— The Shaving of Shagpat • George Meredith

... minds less upright and less firm would push the system of the great philosopher. "I cannot forgive Descartes," he said; "he would have liked, throughout his philosophy, to be able to do without God, but he could not help making Him give just a flick to set the world in motion; after that he didn't know what to do with God." A severe, but a true saying; Descartes had required everything of pure reason; he had felt a foreshadowing of the infinite and the unknown without daring to venture ...
— A Popular History of France From The Earliest Times - Volume V. of VI. • Francois Pierre Guillaume Guizot

... in her mind Too firmly rooted to be rooted out, Who ev'ry day in strength and beauty grew, till he Appeared the fairest youth in all the camp. First pity for the youth, then love for him Mysterious came to her, until at last The flick'ring flame shone sudden in her breast. "This stranger I must wed, for him I love, I know not how; that pleasant face is like The face of him I dearly loved; I see Appearing ev'ry day upon that face, As if by magic wrought, those beauties that Were seated on dead Rama's face." Thus mused This ...
— Tales of Ind - And Other Poems • T. Ramakrishna

... given to joking. I can still see his serious face, his unclipped head of hair, often brought back behind his ears with a flick of the thumb and spreading its ancient Gallic mane over his shoulders. I see his little three-cornered hat, his small clothes buckled at the knees, his wooden shoes, stuffed with straw, that echoed as he walked. Ah, no! Once childhood's games were past, it would never have done to rear the Grasshopper ...
— The Life of the Fly - With Which are Interspersed Some Chapters of Autobiography • J. Henri Fabre

... home for me. The next day he turned out to be broken-winded and lame. I tried having him put in harness; the horse backed, and if one gave him a flick with the whip he jibbed, kicked, and positively lay down. I set off at once to Mr. Tchornobai's. ...
— A Sportsman's Sketches - Works of Ivan Turgenev, Vol. I • Ivan Turgenev

... the cabin and go over those tally books." Which was merely a subterfuge to get Bill away from the wagon without letting the boys know something was wrong. Bill got up, brushed the dirt off his trousers with a flick of his fingers, lighted the cigarette he had just ...
— Skyrider • B. M. Bower

... carriage and pair, to convey us thither in three days, was a careless, good-looking fellow, whose light-heartedness and singing propensities knew no bounds as long as we went on smoothly. So long, he had a word and a smile, and a flick of his whip, for all the peasant girls, and odds and ends of the Sonnambula for all the echoes. So long, he went jingling through every little village, with bells on his horses and rings in his ears: a very meteor of gallantry and cheerfulness. ...
— Pictures from Italy • Charles Dickens

... immense volumes that half bury her, making her look, as she leans upon her elbow, like the stoning of Stephen. She yawns; then she looks towards the tall glass; then she looks out at the weather, mooning her great black eyes, and fixing them on the sky as if they stuck there, while my tongue goes flick-flack along, a hundred and fifty words a minute; then she looks at the clock; then she asks ...
— Two on a Tower • Thomas Hardy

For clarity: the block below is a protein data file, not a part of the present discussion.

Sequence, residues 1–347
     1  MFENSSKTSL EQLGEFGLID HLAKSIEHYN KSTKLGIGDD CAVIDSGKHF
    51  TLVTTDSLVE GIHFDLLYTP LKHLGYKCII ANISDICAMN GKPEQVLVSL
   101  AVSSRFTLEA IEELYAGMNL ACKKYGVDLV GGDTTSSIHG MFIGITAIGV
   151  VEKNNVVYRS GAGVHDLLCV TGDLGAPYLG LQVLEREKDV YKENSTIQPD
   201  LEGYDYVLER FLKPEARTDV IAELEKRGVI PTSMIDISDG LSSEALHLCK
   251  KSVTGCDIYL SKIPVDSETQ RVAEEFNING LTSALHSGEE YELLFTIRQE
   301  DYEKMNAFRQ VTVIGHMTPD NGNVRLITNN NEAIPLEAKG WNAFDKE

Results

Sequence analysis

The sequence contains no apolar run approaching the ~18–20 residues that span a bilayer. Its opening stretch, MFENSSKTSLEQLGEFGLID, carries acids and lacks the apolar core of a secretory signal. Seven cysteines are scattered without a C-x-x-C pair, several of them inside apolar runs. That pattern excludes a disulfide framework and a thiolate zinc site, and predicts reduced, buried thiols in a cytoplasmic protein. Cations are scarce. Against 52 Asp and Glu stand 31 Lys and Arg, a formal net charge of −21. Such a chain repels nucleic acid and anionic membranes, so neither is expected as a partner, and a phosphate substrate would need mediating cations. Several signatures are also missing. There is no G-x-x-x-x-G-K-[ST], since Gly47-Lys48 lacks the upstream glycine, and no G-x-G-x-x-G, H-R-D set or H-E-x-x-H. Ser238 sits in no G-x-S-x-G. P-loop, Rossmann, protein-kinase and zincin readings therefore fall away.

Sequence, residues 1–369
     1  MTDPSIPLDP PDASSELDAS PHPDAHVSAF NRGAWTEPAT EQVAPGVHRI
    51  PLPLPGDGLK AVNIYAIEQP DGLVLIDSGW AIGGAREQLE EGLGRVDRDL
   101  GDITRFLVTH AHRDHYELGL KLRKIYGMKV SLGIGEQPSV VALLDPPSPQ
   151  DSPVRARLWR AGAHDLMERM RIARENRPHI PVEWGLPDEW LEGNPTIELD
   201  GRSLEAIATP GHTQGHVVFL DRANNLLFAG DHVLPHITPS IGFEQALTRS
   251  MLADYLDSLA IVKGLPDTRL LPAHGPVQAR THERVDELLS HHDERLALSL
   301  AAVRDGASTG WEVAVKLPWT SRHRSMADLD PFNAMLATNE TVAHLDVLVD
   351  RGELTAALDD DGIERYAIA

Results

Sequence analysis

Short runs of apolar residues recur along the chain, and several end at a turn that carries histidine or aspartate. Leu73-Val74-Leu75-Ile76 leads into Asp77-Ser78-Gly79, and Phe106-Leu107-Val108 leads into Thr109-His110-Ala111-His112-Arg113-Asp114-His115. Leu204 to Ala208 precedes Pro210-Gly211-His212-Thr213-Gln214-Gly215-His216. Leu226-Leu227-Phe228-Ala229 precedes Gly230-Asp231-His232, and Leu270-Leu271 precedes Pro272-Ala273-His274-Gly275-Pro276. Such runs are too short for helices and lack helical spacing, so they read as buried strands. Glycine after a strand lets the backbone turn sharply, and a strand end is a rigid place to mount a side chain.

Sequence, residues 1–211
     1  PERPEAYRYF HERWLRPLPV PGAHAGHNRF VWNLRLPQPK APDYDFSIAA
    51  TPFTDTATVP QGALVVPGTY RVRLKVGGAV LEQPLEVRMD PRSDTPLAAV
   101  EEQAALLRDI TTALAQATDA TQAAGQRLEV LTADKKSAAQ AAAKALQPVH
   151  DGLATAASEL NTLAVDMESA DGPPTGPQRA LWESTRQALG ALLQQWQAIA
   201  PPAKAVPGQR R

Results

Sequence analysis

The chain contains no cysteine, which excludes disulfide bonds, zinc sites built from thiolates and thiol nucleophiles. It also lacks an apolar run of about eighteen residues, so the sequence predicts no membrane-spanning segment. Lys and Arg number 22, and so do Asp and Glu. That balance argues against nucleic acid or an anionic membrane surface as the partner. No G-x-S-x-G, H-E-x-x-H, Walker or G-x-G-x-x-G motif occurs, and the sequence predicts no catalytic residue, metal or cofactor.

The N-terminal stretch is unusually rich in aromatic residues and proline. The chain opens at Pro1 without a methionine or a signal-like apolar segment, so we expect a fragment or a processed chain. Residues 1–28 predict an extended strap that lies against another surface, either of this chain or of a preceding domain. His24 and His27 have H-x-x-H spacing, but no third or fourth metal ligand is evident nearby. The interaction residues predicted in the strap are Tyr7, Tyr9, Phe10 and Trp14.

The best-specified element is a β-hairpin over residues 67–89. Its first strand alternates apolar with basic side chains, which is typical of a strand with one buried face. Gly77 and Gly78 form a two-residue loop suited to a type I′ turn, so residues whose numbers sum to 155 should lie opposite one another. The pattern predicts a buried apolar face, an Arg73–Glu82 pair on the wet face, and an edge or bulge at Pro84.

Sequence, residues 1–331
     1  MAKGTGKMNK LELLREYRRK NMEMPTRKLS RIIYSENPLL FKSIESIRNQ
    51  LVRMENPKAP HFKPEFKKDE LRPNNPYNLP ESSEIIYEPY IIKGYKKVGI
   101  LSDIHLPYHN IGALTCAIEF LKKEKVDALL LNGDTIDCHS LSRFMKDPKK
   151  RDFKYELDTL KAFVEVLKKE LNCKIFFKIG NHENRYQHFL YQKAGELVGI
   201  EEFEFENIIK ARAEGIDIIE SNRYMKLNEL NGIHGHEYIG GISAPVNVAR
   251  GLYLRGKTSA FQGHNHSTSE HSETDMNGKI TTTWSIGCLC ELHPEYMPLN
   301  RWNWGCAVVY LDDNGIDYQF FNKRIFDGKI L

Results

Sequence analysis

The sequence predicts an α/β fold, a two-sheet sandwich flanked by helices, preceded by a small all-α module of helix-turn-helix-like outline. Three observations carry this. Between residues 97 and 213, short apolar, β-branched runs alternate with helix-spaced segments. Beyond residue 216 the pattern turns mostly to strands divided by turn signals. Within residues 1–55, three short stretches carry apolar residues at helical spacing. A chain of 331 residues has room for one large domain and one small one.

... the weather leaches flick.... "Don't let her come up," he roared at the helmsman. "Steer her, you Swede bastard.... Where the hell did you ever steer before? On ...
— The Wind Bloweth • Brian Oswald Donn-Byrne

... scholars suffer. He wields a rod rather than a filigree bow, as old romancers fabled,—no plaything, but a most business-like article, well-poised in the handle, and thence tapering into graceful, stinging nothingness; and not a scholar escapes at least a flick of it. ...
— The Cords of Vanity • James Branch Cabell et al

... to trudge the three miles home in the boats: the slightest flick of the foot would have sent one of them flying beyond the eye of God or man. After a couple of miles the shoes began to tell, and I stood still and lifted up one foot behind me, craning over my shoulder to see if I could catch sight of the glimmer of skin through ...
— A Diary Without Dates • Enid Bagnold

... flick of the sword he laid the reptile twitching on the floor—and for a few minutes was madder with Joy than ever in his life he had ...
— Snake and Sword - A Novel • Percival Christopher Wren

... me hurrying Back by the sword-blade thinness of the bridge From paradise to earth, and in the middle Flick me down sideways to the fires ...
— The Garden of Bright Waters - One Hundred and Twenty Asiatic Love Poems • Translated by Edward Powys Mathers

... beast out, set him on the ground, and walked on. He shook his ears twice, then lopped after me like a dog, at a slow canter. At the point where he had tumbled I collected him again by the ears, lifted him, climbed the bank and restored him to his thicket, into which he vanished with a flick of his ...
— Foe-Farrell • Arthur Thomas Quiller-Couch

... he, "surely you must know—" He paused to flick a speck of soot from his knee, and then continued: "Did she ...
— The Broad Highway • Jeffery Farnol

... and the scene had but changed to this extent that the moving figures had settled down to a man to give themselves up to the soothing influence of tobacco. On his rug, U Saw had not stirred a limb save to flick the ashes from his cheroot, nor had his gaze wandered aside from the glowing flame. The quiet had become profound. Then, in deep silence, there was a sound of footsteps approaching the courtyard. Without turning his head, U Saw raised his hand. ...
— Jack Haydon's Quest • John Finnemore